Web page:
But, sometimes it’s hard to laugh things away. I remember a dinner party I gave at home some years ago, when another senior colleague from my department ooh’d and ahh’d over a dish which I had prepared. “What is it?” she gushed between happy mouthfuls. “Ratatouille,” I said, and offered to share my own special recipe with her. “Ratatouille!” she shrieked merrily. “What are you doing in French territory? You should stick to soy sauce!”
For many years, first as a Graduate Teaching Assistant and then as a part-time Lecturer, I was allowed to teach only Freshman Composition and Intro to Drama at K.U. Meanwhile, on my own time, I had written and published about half a dozen short stories, many of which went on to win major literary awards in the Philippines. Also, I had now written a number of plays which were getting modest productions Off Broadway in New York.
And then it came to pass. Sometime in the mid-1980s, when the English Department decided to hire a full-time tenure-track creative-writing person, and a national search was being conducted, I asked the Chair of the Department if I should apply for the job. He seemed surprised by my question and, after a while, he said, “Why, yes, of course, by all means, apply. You’re about as qualified as anyone else. Besides, it would really make Affirmative Action happy!”
I did apply, but I didn’t get the job, not once but twice. Apparently, the pool of applicants was so impressive, the administration gave the Department permission to hire not one but two creative writers, one male and one female, both of them Caucasian. I have no idea if my application was ever taken seriously. I only know that my application was never formally acknowledged, and that I was never actually interviewed by the search committee. But, I’m sure Affirmative Action was really “happy” that I too had applied for the job.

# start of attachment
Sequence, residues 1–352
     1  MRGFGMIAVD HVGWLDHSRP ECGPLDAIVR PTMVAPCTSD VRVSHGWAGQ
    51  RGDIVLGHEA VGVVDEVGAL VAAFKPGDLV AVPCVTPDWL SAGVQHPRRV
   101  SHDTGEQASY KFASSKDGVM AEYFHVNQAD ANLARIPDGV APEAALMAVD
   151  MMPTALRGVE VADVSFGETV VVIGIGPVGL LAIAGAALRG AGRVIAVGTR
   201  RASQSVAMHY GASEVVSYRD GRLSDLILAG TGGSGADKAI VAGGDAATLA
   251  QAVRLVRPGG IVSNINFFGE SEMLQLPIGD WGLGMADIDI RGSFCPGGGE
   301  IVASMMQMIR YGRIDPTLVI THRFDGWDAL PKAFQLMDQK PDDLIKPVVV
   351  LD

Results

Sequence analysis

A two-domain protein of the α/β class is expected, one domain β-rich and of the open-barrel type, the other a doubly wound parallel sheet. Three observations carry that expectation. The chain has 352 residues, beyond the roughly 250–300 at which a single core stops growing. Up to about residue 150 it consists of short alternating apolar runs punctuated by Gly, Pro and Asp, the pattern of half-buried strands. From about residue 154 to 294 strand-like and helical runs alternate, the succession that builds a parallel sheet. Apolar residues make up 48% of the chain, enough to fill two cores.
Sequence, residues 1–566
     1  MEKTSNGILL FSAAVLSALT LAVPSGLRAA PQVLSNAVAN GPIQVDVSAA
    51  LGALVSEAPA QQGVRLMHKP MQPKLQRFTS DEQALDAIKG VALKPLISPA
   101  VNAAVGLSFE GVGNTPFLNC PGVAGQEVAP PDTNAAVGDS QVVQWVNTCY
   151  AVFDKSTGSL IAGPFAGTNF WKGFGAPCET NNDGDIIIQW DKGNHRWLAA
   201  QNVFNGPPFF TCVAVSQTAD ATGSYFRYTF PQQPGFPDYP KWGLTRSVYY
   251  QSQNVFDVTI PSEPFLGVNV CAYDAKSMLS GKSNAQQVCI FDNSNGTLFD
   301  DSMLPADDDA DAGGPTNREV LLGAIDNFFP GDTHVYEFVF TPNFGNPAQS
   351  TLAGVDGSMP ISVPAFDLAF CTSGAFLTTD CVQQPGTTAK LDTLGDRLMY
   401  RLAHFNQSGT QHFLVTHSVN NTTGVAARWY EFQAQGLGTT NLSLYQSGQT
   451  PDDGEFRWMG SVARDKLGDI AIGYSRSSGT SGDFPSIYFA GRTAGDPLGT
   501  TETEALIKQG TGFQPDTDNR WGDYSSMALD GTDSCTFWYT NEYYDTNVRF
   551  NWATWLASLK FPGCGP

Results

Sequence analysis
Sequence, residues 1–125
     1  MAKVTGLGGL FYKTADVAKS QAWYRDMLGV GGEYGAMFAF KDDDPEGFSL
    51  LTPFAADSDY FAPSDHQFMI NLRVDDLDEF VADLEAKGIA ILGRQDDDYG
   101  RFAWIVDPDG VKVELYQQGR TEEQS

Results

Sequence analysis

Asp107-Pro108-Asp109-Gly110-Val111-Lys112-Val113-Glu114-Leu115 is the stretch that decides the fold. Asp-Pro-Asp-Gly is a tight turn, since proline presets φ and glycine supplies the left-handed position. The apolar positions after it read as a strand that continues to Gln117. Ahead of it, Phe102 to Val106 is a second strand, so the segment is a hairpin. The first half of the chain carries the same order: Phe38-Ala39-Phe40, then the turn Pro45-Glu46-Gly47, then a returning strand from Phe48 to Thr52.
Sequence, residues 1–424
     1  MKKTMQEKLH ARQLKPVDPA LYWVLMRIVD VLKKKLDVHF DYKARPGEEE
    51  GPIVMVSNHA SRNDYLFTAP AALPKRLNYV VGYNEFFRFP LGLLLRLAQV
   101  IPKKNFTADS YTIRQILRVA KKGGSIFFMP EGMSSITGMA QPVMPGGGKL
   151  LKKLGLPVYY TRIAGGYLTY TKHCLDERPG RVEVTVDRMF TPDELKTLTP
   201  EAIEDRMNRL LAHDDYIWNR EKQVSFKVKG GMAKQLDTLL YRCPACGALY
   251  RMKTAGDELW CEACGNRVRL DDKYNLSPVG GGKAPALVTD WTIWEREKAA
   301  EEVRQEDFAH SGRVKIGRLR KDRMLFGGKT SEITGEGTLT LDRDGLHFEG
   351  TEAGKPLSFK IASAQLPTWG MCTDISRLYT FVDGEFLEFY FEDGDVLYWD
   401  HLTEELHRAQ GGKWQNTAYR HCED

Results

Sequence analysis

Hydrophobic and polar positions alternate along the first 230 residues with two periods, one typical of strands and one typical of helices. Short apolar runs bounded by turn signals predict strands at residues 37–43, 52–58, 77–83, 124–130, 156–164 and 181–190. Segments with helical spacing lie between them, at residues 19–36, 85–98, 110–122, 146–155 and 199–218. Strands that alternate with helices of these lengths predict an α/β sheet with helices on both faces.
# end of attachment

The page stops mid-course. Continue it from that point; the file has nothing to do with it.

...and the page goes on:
Four years later, when the Provost at K.U. was genuinely dismayed by the lack of People of Color within the faculty, and was determined to do something about it , word went out that any Person of Color who was “qualified” and who was “already around” can bypass a national search, and can be brought in as a Direct Minority Hire. And that, to make a long story short, was how I finally came on board in 1989 as a full-time faculty member at the University of Kansas. Shortly after that, I had a startling encounter with a junior colleague in the department, another creative writer who, like me, had been slaving away for years as a part-time lecturer; but who, unlike me, was Caucasian. She stopped me one day in the hallway and said bitterly, “All things being equal, I may be the right gender, but the color of my skin is wrong, and the shape of my eyes is wrong.”
And now, of course, Affirmative Action is viewed with great suspicion by many in this country. There is much talk of “reverse discrimination.” It may or may not be amusing, depending on whether you are on the inside looking out, or on the outside looking in. Filipinos who continue to revere their colonial masters are said to be “coconuts, brown on the outside, but white inside.” And among many Asian-Americans, those who are perceived as erasing what makes them unique while they are busy embracing the mainstream, are said to be “bananas, yellow on the outside, but white inside.” Those apples in the Garden of Eden…the Fruit of the Tree of Knowledge of Good and Evil…what color were they?